Mahalo, Asshole. Maybe it’s the New Yorker in me, drastically misinterpreting this all-purpose phrase to say “Thank you,” or “Regards,” or “No hard feelings: so sorry the flight was delayed four hours.” But really, “Mahalo,” which should sound all gentle and sweet and Hawaiian-kind sounds just this side of passive aggressive.
“The most beautiful people in the world.”  Last night, we went to a slack-key guitar concert.  Slack key guitar means that everybody who played it (in the mythical few years between colonization, circa 1820, and Hawaii’s discovery by mass media on December 6, 1941)  had to come up with their own tunings, because nobody told them how guitars are normally tuned.  Then, Hawaiian musical geniuses figured out how to play the world’s most snore-inducing beautiful dulcet toned songs on those oddly tuned guitars.  And slack key was born.  At any rate, the guitar player was amazing.  His insanely adoring wife was only less so, but the two of them pointed out that Hanalei is known for having “the most beautiful people in the world.”
This is seriously debatable, as the people I have seen in Paris and Soho give them all a run for their memory, fully clothed.  I do think, however, what he meant to say is that the people in Hanalei are the most beautiful people in the world who can also to live really simply, wearing mostly underpants, ironic trucker hats, enormous mirrored sunglasses.
The Hiking.  OK, pretty much wherever we go on these “real voyages” seeking new eyes instead of landscapes, we do significant parts of the traveling on foot.  As I mentioned before, the four of us hiked only the tiniest slice of the Na Pali coast, but today Bill went back and conquered The Waterfall.  When you are hiking in Na Pali, you get the sinking sensation of being in Jurassic Park, as though you’re about to be eaten by velociraptors.  Because this is in fact Jurassic Park.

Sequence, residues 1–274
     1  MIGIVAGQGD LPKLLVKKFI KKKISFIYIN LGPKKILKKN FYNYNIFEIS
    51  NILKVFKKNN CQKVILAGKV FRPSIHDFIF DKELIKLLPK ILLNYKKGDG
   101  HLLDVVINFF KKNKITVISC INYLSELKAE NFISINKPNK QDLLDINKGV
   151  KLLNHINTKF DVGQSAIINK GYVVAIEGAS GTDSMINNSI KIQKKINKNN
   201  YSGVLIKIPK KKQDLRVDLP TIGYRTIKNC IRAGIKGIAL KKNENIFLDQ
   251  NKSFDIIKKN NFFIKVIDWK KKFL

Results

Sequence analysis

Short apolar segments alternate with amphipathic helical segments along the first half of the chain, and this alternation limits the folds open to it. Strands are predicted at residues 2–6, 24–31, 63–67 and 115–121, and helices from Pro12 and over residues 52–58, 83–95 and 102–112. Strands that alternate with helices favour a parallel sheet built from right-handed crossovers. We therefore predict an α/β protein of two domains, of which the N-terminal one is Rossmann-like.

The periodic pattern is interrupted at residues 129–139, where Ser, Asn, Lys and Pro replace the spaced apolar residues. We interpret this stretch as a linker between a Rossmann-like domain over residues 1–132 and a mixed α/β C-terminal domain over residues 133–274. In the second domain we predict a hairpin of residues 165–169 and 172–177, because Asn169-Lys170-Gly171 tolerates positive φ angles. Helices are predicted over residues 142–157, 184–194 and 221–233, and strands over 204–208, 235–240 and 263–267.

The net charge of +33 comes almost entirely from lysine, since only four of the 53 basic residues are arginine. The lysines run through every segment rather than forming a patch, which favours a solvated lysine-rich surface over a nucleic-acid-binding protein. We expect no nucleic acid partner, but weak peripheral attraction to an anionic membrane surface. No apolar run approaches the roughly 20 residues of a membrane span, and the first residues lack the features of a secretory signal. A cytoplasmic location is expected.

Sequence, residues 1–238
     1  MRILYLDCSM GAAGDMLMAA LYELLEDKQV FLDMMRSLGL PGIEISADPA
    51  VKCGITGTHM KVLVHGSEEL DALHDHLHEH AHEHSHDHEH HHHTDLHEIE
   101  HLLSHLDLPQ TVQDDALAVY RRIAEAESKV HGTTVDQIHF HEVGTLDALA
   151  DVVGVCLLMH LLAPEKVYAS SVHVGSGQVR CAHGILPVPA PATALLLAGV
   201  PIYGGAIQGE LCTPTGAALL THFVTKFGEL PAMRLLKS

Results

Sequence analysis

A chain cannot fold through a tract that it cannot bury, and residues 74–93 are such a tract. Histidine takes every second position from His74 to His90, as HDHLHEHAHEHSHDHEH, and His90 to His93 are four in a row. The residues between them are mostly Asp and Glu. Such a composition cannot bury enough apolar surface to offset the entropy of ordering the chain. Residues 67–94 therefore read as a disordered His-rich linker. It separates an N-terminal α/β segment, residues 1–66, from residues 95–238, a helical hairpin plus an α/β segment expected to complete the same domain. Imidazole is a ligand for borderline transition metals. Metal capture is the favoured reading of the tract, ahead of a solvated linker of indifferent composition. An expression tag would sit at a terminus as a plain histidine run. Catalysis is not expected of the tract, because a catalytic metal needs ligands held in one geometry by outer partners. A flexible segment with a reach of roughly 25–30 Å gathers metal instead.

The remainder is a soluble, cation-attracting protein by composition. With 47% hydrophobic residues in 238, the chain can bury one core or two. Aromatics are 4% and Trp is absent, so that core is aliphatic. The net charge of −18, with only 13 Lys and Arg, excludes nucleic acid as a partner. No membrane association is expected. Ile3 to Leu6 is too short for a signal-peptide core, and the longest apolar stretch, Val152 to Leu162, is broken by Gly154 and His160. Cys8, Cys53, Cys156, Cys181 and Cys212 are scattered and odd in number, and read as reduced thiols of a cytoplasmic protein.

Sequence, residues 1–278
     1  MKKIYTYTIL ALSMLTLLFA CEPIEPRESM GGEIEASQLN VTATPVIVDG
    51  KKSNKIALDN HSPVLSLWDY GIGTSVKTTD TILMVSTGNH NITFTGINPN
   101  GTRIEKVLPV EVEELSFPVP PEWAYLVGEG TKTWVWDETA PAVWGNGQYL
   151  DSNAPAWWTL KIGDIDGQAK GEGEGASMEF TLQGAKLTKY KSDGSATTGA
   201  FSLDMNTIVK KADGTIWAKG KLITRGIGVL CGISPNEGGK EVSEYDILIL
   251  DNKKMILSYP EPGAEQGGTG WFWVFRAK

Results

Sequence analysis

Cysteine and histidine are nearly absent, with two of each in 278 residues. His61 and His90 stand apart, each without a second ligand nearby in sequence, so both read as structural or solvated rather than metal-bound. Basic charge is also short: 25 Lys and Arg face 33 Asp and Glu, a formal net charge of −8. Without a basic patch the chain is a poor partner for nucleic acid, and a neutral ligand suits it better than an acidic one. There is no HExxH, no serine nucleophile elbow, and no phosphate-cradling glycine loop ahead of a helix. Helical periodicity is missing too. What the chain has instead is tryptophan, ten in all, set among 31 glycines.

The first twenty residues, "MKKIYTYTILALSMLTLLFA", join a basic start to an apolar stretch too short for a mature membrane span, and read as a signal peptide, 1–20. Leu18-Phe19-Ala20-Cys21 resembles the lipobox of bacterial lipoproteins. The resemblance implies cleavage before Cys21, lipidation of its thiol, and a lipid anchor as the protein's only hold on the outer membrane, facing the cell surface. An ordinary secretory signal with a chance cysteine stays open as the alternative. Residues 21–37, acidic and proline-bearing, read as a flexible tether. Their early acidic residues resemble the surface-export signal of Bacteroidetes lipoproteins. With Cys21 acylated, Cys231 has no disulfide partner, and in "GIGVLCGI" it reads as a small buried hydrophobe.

Wildlife.  Not very.  Perhaps it’s the island ecosystem and everything, but there is very very little wildlife here.  No squirrels.  No animals bigger than domestic pets, actually — unless you count feral pigs and goats, which just aren’t scary.  Sometimes if you eat outdoors, grey birds with bright red cardinal heads show up to eat your leftovers. Our horseback riding guide Bruce told us that these are Brazillian Cardinals.  Speaking of Bruce,

 

Here is DH, making the “Shaka” sign, which used to mean “hang loose” but now means “welcome”, “Aloha”, “That’s fine; go ahead and cut me off in traffic,” and “I am a silly tourist man.”  He looks as though he is on a dwarf horse, but that’s just because he is enormous, not his trusty steed Mikey.

You can go horseback riding in Kauai, then swim in a waterfall and hike through the ranch. It looks like this when you are riding:

 

I’m sure we will learn more things on our trip.  That’s all for now, aside from a few gratuitous surfing photos.  Don’t look too closely at the bottom of the pictures.

 

 

 

 

 

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Minds at Work

June 7, 2013

I had a piece published last week at Rewireme.com, a new site dedicated to transformations. The article is called Changing Our Minds.

It’s something I have been meaning to write for a long time, the story of a journey that had once caused us all such pain, but which seems to have found its happy ending.

If you are one of the millions who has visited Planet Anxiety, and then escaped its field of gravity, you’ll understand exactly what I am talking about.

If you’ve never been there, perhaps this will teach you something new.

And if you still live there, my dear friend?  You, or someone you love?  I hope this will inspire you to find your own way off.  It can be done.